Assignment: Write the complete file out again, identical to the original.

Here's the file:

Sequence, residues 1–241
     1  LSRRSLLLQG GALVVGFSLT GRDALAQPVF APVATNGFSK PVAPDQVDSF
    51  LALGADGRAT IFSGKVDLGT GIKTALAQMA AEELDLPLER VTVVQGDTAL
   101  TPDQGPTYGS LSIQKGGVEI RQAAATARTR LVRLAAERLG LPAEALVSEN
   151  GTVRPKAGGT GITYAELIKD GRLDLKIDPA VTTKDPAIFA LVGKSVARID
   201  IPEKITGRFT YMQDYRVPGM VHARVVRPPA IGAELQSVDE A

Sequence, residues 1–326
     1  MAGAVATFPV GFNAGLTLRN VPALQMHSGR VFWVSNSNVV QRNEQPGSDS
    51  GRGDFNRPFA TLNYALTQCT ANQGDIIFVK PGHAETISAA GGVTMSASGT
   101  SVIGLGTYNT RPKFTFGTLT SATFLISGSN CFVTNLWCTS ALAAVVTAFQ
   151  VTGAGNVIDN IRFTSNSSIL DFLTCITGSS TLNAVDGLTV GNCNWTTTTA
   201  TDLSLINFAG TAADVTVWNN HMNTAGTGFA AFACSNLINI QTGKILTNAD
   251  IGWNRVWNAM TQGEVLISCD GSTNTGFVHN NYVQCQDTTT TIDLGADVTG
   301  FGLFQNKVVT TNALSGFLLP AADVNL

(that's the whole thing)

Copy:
Sequence, residues 1–241
     1  LSRRSLLLQG GALVVGFSLT GRDALAQPVF APVATNGFSK PVAPDQVDSF
    51  LALGADGRAT IFSGKVDLGT GIKTALAQMA AEELDLPLER VTVVQGDTAL
   101  TPDQGPTYGS LSIQKGGVEI RQAAATARTR LVRLAAERLG LPAEALVSEN
   151  GTVRPKAGGT GITYAELIKD GRLDLKIDPA VTTKDPAIFA LVGKSVARID
   201  IPEKITGRFT YMQDYRVPGM VHARVVRPPA IGAELQSVDE A

Sequence, residues 1–326
     1  MAGAVATFPV GFNAGLTLRN VPALQMHSGR VFWVSNSNVV QRNEQPGSDS
    51  GRGDFNRPFA TLNYALTQCT ANQGDIIFVK PGHAETISAA GGVTMSASGT
   101  SVIGLGTYNT RPKFTFGTLT SATFLISGSN CFVTNLWCTS ALAAVVTAFQ
   151  VTGAGNVIDN IRFTSNSSIL DFLTCITGSS TLNAVDGLTV GNCNWTTTTA
   201  TDLSLINFAG TAADVTVWNN HMNTAGTGFA AFACSNLINI QTGKILTNAD
   251  IGWNRVWNAM TQGEVLISCD GSTNTGFVHN NYVQCQDTTT TIDLGADVTG
   301  FGLFQNKVVT TNALSGFLLP AADVNL